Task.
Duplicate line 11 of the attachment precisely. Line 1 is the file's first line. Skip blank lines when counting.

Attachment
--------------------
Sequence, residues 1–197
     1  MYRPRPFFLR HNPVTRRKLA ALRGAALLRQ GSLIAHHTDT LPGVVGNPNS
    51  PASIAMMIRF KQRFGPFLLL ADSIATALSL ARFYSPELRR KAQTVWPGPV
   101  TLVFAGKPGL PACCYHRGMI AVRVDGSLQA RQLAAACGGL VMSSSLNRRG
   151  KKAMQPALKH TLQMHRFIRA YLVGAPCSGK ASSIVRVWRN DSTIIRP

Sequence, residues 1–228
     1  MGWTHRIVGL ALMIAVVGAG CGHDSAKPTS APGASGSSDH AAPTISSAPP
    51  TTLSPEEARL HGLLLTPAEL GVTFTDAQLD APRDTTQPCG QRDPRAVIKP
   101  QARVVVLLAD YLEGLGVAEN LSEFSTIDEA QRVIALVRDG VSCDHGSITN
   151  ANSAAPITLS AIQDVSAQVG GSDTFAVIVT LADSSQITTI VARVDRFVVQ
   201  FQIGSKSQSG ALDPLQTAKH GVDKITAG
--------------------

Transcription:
   201  FQIGSKSQSG ALDPLQTAKH GVDKITAG